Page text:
Soboba Tribal Tanf Youth Enjoy Unity

The national youth conference was well-attended ◆ By Mike Hiles

The message for this year's annual youth UNITY youth conference was "Answering the Call of Our Ancestors" and it drew a record number of attendees who are part of the Soboba Tribal TANF program. Having it held in San Diego was a plus since it was practically in their back yard.

The United National Indian Tribal Youth Inc. (UNITY) is a national nonprofit organization that promotes personal development, citizenship and leadership among American Indian and Alaska Native youth. Established is 1976, UNITY is one of the largest and oldest American Indian youth leadership networks in North America. It has more than 220 affiliated youth councils in 36 states. Youth councils are sponsored by tribes, Alaska Native villages, high schools, colleges and other community organizations.

The 42nd annual event had more than 2,000 Native American youth and advisors attend and participate in five days of workshops, guest speakers, exhibits and vendors and special performances by several talented Native Americans. Those offering "Wellness Warrior Activity" sessions were professional lacrosse athletes Thompson Brothers, MMA champion Ilima-Lei MacFarlane, Polynesian dancers Natia O Le Pasefoka and American Ninja Warrior Abram Benally.

Keynote speaker Supaman (Christian Takes Gun Parrish, Apsaalooke), is a Native American dancer and innovative hip hop artist who has dedicated his life to empowering and spreading a message of hope and faith through hip hop music.

Matika Wilbur (Swinomish and Tulalip) is one of the nation's leading photographers. Her most recent endeavor, Project 562, has taken her to more than 300 tribal nations throughout 40 states where she has taken thousands of portraits and collected hundreds of contemporary narratives with one goal: to change the way we see Native America. She was also a keynote speaker.

Brooke Simpson (Haliwa-Saponi) is a powerhouse vocalist who is passionate about songwriting and people. Appearing on the NBC reality show, The Voice, she finished third on the show's 13th season. She was a keynote speaker and also gave a standout performance.

Pre-gala entertainment was provided by singer Levi Platero (Navajo) and professional magician Brian Yazzie (Navajo), who is a member of the International Brotherhood of Magicians and showcases a unique style of magic.

Chaperones for the 17 Soboba Tribal TANF youth were Harold Arres, Regional Preventions Manager at the Soboba site; Annalisa Tucker, Program Specialist II; Javier Martinez and Kimberly Smith. The five-day conference was from July 5 through 9.

"Harold Arres was co-chair of the local planning committee which meant we got to plan all the cultural activities for the conference and we had several local bird singing groups attend," Tucker said.

Ernest Smith, from the Santa Rosa Band of Cahuilla Indians, said he enjoyed Supaman, Yazzie's magic tricks and meeting new people.

"I attended the workshop about lacrosse and I learned about the brothers and how their life was," he said.

Willis White, also from the Santa Rosa Band of Cahuilla Indians, attended the conference for the first time and enjoyed all the workshops he attended. His favorite was learning about the Fancy Dance and how to do it and he plans to share what he learned with family and friends.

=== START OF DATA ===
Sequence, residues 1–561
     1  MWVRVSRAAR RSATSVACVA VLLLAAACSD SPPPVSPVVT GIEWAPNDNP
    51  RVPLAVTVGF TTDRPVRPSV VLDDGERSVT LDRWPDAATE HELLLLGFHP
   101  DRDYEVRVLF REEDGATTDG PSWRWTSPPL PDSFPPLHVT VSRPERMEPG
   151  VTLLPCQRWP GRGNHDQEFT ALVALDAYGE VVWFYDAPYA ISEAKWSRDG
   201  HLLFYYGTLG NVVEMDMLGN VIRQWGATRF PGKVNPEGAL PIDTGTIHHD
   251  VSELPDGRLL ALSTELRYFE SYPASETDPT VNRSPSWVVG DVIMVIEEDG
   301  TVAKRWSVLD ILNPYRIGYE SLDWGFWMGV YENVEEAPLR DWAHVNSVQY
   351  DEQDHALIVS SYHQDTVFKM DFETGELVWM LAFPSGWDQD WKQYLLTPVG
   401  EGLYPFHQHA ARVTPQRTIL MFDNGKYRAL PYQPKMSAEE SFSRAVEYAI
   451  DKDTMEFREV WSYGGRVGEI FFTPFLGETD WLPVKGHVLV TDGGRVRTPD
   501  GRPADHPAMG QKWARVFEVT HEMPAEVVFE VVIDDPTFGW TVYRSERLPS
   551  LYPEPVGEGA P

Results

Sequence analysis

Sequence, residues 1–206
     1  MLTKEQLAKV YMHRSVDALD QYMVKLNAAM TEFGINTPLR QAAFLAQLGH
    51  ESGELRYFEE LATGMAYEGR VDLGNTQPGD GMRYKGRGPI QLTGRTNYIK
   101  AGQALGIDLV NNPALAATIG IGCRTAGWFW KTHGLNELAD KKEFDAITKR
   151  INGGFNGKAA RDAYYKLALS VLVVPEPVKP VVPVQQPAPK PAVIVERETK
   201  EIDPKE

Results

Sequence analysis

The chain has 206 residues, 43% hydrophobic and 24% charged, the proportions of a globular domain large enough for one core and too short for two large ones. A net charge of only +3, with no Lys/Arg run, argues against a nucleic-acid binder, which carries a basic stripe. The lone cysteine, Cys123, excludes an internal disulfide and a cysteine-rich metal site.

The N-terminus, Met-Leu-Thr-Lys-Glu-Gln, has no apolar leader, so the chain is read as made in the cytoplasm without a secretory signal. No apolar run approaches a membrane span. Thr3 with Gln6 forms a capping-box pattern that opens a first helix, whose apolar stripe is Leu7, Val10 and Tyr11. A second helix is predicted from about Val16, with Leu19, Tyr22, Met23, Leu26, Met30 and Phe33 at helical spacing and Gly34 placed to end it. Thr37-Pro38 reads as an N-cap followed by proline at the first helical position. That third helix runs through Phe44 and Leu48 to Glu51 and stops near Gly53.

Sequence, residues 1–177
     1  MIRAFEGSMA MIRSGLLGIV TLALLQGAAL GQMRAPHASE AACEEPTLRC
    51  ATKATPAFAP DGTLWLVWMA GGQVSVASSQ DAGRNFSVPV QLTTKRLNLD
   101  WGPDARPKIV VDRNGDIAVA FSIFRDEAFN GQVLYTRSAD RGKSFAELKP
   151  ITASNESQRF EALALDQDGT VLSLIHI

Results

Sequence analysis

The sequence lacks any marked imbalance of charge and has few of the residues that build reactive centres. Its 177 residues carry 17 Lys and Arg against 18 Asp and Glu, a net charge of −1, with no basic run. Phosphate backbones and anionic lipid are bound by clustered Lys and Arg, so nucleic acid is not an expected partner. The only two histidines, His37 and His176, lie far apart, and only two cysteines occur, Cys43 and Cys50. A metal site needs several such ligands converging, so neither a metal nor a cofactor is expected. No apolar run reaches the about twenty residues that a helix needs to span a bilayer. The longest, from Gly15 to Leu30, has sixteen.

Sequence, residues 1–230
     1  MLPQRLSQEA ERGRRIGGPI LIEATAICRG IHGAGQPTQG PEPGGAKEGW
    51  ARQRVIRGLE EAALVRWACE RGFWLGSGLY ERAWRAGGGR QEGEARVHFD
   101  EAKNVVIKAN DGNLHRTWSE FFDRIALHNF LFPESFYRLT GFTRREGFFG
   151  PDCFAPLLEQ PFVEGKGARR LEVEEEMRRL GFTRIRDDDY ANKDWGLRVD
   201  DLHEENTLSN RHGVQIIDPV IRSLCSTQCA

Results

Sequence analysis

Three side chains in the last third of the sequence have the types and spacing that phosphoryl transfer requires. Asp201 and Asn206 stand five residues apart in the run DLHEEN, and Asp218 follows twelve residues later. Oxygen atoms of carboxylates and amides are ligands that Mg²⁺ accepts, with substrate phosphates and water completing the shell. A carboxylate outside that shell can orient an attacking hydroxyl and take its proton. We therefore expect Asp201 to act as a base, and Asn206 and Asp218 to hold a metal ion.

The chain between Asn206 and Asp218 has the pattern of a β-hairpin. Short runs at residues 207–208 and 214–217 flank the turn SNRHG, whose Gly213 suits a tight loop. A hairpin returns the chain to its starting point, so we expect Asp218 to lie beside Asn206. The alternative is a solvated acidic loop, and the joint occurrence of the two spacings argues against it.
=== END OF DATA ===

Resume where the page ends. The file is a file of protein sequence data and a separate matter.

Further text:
"I also learned about the trust circle and how to trust other people," he said.

Soboba Band of Luiseño Indians tribal member and president of the Soboba Youth Council, Asona Arres, liked meeting other Native American youth. She has attended several UNITY conferences in the past but liked the fact this one was local so they didn't have to fly. She and her sisters, Abigail and Hattie, took part in the Native Challenge workshop about building trust in a relationship.

"I learned that you need to put your trust in the right people," Asona said.

Hattie, who has attended past conferences, agreed that the best workshop was the one that included the trust circle workshop teaching the youth how to trust others through team building activities.

"What I have told my sisters about UNITY is how it helped me be more social and talk in front of crowds," Hattie said. "I really liked the talent show because everyone got to show their own personality through their talent."

This was Abigail's first UNITY conference and she said she learned about the importance of paying attention to lessons.

"The event allows the kids to network with youth from around the country, hear from Native leaders and participate in cultural activities," Tucker said. "They gain skills they can apply in their communities and life to be successful."

Tucker said everyone agrees that the youth that have the opportunity to experience the conference return motivated to be more active in their communities, do well in school and succeed in life.

Those who attended from the Soboba Band of Luiseño Indians were Abigail Arres, Asona Arres, Hattie Arres, Iyana Briones, Tatianna Briones, Andrea Lara, Joshua Lara, Edwin Muro, Ciara Ramos, Francisca Rivera and Tanya Rivera. Youth from other tribes were Andrew Alto, Monalie Bohannon, Lanaya Contreras, Keshyn Lomax, Ernest Smith and Willis White.


Youth from the Soboba Tribal TANF took part in the 42nd annual UNITY youth conference in San Diego earlier this month

Youth from the Soboba Tribal TANF took part in the 42nd annual UNITY youth conference in San Diego earlier this month

Four chaperones accompanied 17 Soboba Tribal TANF youth to the national UNITY youth conference in San Diego from July 5 through 9

Four chaperones accompanied 17 Soboba Tribal TANF youth to the national UNITY youth conference in San Diego from July 5 through 9